Army Medic Desmond T. Doss refused to pick up a weapon during World War II, citing his religious beliefs as his reason to become a conscientious objector, someone who will not actually take up arms because of some deeply-held moral or ethical belief. Now his story is being told in the new movie Hacksaw Ridge. Doss is played here by Andrew Garfield as we follow him from being drafted from his small town through the Battle of Okinawa and his eventual receiving of the Medal of Honor, becoming the first conscientious objector to be so commended.
The movie comes from director Mel Gibson and, of course, the movie’s story is not as simple as it seems. While on the surface it’s a war movie, nothing is that simple anymore and it can’t be viewed outside of the potential point of view it might have for us on the events of today. So this story of someone refusing, on account of his religion, to take up arms against the enemy but still working tirelessly and heroically to save lives of scores of his friends, is going to have to be viewed in light of not just where we were but where we are.
The first poster is concerned mostly with showing the setting. So we get a shot from behind of Garfield running across a battlefield, with copy saying “When the order came to retreat, one man stayed.” So it’s clear we’re watching a story of unique heroism. This also tells the audience this is based on a true story and comes from the filmmaker behind The Passion of the Christ and Braveheart, though Gibson’s name isn’t pronounced on the poster.
The next one is actually pretty decent, featuring a photo-realistic painted look to the image of Garfield hoisting one of his comrades on his shoulders to show that he’s a healer, not a fighter. “One of the greatest heroes in American history never fired a bullet” says the copy toward the bottom of the poster, which is some sentence structure I’ll take minor issue with. Again, we get Gibson’s credits at the top and the promise that this is based on a true story along with the title treatment.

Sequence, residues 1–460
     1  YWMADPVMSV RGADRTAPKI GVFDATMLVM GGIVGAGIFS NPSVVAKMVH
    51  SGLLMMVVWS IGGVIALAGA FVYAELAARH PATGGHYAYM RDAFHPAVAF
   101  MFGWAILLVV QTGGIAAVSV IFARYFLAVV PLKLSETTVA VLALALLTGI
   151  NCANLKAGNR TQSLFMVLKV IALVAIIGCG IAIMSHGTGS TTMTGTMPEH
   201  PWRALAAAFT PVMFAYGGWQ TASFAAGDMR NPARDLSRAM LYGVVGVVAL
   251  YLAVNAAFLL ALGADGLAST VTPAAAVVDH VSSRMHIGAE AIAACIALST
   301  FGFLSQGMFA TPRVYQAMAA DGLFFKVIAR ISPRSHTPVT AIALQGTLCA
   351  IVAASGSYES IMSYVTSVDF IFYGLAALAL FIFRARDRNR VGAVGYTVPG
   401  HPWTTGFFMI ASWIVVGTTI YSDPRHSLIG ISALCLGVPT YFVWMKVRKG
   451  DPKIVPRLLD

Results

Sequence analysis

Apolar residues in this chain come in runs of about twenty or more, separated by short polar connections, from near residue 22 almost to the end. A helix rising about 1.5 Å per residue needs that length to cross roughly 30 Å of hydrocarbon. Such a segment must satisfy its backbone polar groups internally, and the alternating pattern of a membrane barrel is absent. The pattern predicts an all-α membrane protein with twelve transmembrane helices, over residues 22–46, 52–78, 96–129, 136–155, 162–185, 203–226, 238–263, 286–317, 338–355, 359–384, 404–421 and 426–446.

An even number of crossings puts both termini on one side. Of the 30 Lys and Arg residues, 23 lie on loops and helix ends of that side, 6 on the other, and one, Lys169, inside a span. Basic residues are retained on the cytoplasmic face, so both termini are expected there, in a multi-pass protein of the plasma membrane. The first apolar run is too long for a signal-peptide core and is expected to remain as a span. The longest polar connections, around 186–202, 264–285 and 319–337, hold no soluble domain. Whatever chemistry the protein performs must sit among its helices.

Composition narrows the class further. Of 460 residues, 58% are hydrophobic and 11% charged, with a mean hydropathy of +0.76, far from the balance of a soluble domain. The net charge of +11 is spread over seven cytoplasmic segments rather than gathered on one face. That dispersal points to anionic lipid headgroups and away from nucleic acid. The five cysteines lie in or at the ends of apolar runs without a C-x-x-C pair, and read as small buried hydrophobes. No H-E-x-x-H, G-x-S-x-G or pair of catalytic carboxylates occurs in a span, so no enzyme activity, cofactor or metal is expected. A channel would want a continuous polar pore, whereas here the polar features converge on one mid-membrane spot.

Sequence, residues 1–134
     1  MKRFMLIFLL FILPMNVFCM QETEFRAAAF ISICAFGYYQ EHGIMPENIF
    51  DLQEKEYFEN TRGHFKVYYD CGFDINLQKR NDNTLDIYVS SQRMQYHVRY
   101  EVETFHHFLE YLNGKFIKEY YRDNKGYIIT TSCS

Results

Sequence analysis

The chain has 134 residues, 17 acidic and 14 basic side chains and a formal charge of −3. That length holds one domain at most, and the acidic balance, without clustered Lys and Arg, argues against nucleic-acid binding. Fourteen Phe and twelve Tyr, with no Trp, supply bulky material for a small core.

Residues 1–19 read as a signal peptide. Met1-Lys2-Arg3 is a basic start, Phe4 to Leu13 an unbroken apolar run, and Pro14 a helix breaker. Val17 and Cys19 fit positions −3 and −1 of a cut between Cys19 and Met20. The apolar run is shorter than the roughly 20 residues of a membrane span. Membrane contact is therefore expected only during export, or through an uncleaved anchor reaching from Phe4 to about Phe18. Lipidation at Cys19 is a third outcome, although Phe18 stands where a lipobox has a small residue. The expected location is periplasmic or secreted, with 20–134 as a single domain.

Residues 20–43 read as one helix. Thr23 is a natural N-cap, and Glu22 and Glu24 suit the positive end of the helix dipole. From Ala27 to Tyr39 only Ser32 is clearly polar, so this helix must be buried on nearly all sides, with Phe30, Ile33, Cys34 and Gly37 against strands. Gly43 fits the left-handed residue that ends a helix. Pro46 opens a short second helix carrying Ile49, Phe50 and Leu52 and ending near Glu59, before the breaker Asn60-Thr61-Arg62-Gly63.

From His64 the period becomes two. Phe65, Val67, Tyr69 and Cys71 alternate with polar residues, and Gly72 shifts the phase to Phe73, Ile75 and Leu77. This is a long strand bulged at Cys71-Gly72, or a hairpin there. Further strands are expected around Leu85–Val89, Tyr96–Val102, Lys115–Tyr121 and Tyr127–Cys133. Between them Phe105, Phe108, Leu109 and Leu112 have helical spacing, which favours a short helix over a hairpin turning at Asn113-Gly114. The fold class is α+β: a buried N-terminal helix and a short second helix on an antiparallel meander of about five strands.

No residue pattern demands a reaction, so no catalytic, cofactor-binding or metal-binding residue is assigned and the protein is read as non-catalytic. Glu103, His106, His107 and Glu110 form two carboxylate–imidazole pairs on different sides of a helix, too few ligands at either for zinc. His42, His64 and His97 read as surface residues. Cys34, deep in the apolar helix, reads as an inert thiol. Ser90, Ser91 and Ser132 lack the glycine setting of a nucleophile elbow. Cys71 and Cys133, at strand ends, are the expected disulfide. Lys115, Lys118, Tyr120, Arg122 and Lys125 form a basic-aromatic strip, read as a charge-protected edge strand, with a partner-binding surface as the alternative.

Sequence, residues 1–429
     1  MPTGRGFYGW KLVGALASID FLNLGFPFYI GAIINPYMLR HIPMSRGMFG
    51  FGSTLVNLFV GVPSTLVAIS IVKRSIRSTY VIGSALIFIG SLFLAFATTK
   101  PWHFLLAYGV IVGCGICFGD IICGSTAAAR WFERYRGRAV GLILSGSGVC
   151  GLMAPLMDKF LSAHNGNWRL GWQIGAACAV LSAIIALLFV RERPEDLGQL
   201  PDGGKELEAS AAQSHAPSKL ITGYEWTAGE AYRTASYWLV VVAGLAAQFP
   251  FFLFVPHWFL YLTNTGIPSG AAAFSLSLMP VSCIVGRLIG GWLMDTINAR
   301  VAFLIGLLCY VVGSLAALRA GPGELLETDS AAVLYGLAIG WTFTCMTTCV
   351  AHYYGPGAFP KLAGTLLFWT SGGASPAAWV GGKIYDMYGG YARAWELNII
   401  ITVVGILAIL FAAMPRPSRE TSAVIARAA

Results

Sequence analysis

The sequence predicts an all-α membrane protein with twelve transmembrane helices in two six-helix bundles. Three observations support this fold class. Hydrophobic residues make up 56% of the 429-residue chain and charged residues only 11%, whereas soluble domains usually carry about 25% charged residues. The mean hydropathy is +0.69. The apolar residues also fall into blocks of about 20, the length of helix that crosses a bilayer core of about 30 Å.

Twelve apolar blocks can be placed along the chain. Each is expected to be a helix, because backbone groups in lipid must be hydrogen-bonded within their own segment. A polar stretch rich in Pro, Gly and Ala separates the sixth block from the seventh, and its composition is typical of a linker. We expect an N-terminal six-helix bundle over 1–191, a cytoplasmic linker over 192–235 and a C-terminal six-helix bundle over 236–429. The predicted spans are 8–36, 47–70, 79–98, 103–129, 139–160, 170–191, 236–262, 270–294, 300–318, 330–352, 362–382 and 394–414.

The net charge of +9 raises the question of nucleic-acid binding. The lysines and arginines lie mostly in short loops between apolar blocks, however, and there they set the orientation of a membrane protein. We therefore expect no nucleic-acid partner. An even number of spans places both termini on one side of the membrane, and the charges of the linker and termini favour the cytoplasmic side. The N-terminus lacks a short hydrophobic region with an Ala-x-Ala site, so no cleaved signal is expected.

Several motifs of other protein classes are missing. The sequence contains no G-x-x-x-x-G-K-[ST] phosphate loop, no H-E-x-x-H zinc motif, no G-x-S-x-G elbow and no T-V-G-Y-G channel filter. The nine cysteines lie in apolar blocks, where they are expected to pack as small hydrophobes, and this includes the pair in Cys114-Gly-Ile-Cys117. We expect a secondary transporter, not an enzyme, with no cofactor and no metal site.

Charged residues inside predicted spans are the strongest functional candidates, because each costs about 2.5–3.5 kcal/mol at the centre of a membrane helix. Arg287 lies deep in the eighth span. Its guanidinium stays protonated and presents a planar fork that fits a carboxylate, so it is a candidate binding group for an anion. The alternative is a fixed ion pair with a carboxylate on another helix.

The first and only trailer, out-of-place introduction aside, opens with Doss preparing to leave his hometown sweetheart to go to war because, as people in movies often do, he can’t sit still while others die. Once he’s in boot camp, though, he refuses to touch a weapon since he doesn’t believe in killing, only healing and helping. That attitude not only brings him into conflict with his fellow recruits, who haze him violently for being a coward, but also leads to charges being brought against him. Ultimately it’s decided he can be unarmed if he wants but he’s still going into war. Quickly, though, his do-no-harm attitude wins the admiration of his fellow soldiers as he shows plenty of bravery on the field, saving people from imminent danger and healing their wounds as best he can.
It’s a touching trailer that, if you can look past Garfield’s accent, pulls on all the emotional heartstrings you’d expect it to. We get the shots of him with his girl, who makes him promise to come home. We get the shot of him yelling in frustration on the battlefield and so on. There’s a lot of paint-by-numbers here, to be honest. But it still presents a movie that might be more than just an interesting side story we’ve never heard before and actually tell something important about war and the soldiers who fight it. Granted, that’s reading a lot into this trailer, but the potential is there.
Online and Social
When you load the official website for the movie you get a version of the key art that also shows a big button encouraging you to watch the trailer again. In the upper right corner are links to the Facebook, Twitter and Instagram profiles that have connected the movie with fans on those platforms.